The incorrect management of river basins can generate serious threats to water availability, hindering surface and groundwater, because the dynamic of hydrologic systems is vulnerable to human actions [9,10]. An example is the reduced capacity for water infiltration into the soil observed in areas that are occupied with civil constructions or impermeable pavements [10,11]. Other problems, such as the intensification of erosion or floods, can occur in the development of soil permeability declines. In rural catchments, the inadequate uses of the land, among other factors, can amplify the risk of flood occurrence [12] reducing the levels of recharge.
Changes in the dynamics of hydrologic systems are particularly worrying in aquifer recharge zones, which are regions that enable water infiltration and percolation toward an aquifer system, which is defined as the geological system capable of storing and distributing a significant amount of water [13,14,15]. Moreover, recharge zones can be defined as areas where the soil surface favors the water infiltration and percolation [16,17]. Water can also be retained in the soil and slowly recharge the aquifer [13,18,19].
Some recharge zones are more efficient than others and for that reason are called preferential groundwater recharge zones [20]. The environmental protection of these special areas is important to conserve the quality and quantity of water resources. Thus, detailed information on the groundwater recharge process can aid better land use and cover distribution, and indicate the best areas for agricultural activities with the lowest groundwater contamination risks caused by the release of substances with high polluting potential, such as pesticides.
Despite the importance of sustainable management of aquifer recharge zones [7,21,22,23], in the state of Minas Gerais, Brazil, this topic has not yet been properly studied. Therefore, a better comprehension about the factors that affect groundwater recharge is necessary, as well as the mapping of recharge areas that consider the sustainable management potential of the basin. These evaluations should be robust and contain physical–environmental factors [10], such as soil characteristics, geology, vegetation cover, climate, and topography. When all these data are evaluated together, they allow for sustainable water use, meaning a use without compromising groundwater recharge [10]. Besides, under these circumstances the volume of water withdrawn from the aquifer system can be defined according to its natural capacity [24].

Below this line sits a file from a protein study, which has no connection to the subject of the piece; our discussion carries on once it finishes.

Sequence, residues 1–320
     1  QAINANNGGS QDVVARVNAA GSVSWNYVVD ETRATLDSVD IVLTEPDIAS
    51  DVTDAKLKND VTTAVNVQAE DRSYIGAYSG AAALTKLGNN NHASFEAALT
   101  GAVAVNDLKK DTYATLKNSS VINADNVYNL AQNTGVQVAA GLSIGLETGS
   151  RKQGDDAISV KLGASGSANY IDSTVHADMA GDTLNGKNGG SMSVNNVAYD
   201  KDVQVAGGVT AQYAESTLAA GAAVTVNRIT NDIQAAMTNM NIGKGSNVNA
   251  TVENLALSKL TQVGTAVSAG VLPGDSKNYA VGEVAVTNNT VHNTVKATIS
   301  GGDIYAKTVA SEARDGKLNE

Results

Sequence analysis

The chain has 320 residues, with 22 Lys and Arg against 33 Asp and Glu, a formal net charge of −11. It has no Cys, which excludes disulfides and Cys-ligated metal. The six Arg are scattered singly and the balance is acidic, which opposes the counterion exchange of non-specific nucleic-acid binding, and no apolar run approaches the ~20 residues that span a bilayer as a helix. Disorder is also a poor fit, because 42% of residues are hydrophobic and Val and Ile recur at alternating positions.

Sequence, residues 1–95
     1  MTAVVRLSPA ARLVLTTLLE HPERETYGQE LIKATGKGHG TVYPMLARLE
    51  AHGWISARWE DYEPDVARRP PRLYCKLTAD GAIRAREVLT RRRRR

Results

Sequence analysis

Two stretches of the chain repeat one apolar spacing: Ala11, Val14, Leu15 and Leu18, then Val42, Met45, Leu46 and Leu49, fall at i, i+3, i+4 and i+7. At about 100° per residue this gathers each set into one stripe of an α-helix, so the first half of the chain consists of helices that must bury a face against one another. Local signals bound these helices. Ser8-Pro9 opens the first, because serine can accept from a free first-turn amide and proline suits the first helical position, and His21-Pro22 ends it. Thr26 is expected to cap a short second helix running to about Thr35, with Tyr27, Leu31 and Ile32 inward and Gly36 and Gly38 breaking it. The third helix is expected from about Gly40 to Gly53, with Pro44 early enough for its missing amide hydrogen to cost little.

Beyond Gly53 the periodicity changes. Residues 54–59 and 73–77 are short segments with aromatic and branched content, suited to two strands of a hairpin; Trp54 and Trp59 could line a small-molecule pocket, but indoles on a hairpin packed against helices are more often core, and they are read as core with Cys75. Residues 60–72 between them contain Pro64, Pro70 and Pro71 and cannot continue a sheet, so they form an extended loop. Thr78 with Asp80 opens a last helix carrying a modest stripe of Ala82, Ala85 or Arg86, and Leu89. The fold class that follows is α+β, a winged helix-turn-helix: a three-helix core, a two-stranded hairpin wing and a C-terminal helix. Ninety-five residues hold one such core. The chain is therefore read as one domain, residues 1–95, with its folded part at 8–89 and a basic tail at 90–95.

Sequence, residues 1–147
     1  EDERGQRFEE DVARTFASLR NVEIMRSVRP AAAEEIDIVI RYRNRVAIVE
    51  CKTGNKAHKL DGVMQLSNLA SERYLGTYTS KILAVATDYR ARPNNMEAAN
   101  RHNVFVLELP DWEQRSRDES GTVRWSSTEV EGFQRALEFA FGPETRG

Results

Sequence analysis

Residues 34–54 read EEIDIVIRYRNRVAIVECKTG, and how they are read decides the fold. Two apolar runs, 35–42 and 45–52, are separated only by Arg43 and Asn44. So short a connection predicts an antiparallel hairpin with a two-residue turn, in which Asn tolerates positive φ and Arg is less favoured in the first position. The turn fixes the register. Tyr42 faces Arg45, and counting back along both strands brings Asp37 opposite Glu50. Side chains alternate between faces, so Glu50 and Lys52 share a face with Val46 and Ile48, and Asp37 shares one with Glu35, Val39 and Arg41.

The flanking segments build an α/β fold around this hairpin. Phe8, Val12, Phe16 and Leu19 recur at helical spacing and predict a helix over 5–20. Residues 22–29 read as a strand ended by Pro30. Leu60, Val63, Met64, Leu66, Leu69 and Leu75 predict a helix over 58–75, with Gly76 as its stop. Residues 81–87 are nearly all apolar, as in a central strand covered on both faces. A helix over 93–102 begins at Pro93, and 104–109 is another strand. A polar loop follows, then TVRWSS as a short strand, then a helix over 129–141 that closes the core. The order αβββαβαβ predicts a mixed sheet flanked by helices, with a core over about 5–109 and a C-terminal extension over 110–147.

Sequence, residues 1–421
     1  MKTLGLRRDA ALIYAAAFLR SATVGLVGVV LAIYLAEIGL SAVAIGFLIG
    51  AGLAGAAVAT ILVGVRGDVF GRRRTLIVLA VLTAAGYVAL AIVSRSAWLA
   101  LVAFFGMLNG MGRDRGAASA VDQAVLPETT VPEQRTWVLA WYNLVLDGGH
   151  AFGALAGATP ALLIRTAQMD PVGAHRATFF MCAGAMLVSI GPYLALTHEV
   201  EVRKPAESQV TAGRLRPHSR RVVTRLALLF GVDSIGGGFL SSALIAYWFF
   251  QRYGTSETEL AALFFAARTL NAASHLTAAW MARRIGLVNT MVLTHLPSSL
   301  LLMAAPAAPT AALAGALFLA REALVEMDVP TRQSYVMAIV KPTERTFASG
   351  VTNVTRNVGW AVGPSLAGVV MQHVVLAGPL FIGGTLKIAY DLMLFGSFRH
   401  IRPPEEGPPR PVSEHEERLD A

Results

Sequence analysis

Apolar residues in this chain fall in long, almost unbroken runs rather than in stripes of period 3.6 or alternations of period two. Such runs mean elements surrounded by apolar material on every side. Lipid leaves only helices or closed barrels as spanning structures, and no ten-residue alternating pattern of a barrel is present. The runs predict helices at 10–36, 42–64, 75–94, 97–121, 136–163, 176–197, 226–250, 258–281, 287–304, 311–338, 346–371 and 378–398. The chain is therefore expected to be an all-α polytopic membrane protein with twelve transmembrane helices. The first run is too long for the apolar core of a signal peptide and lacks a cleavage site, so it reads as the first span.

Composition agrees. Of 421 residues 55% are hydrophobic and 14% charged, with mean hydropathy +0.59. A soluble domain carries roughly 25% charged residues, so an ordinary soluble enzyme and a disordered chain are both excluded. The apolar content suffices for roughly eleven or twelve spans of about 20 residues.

Numerous groundwater recharge estimation methods exist. However, they all entail some level of uncertainty [25]. In general, the practical and conceptual limitations of recharge estimation models occur because the available hydrological and hydrogeological data are sparse or fragmented, and because the spatial and temporal variations in recharge are significant [26]. This difficulty is significant for semi-arid areas [27], causing recharge estimations in these areas to be even more challenging. There are direct and indirect methods to evaluate the groundwater recharge potential. The direct methods include geological and geophysical explorations, gravimetrical and magnetic models, and perforation tests [10]. The indirect methods include hydrological and hydrogeological models [28,29], using geographical information systems (GIS) combined with field work [30,31]. Other studies have employed different methods to estimate groundwater recharge, which are comprised of tracer methods, water table fluctuation models, lysimeter methods and simple water balance techniques. Some of these studies have used numerical groundwater models or dynamically linked them to hydrological models to estimate recharge variations under different climate and land cover conditions [32,33,34,35,36]. For example, Döll (2008) modeled global groundwater recharge using the WaterGAP Global Hydrological Model (WGHM), which has failed to reliably estimate recharge in semi-arid regions [37]. In that study, the influence of vegetation was not taken into account, even though many studies have showed the importance of this variable for estimating the groundwater recharge [32,38,39,40,41,42]. Moreover, Chowdhury et al. (2010) delineated groundwater recharge zones in West Medinipur district, India, using a GIS approach mixed with remote sensing and multi-criteria decision making techniques [22]. The input variables considered in that study were geomorphology, geology, drainage density, slope and aquifer transmissivity. In general, the choice of a method should consider the precision level needed, the project execution viability, and the available financial resources.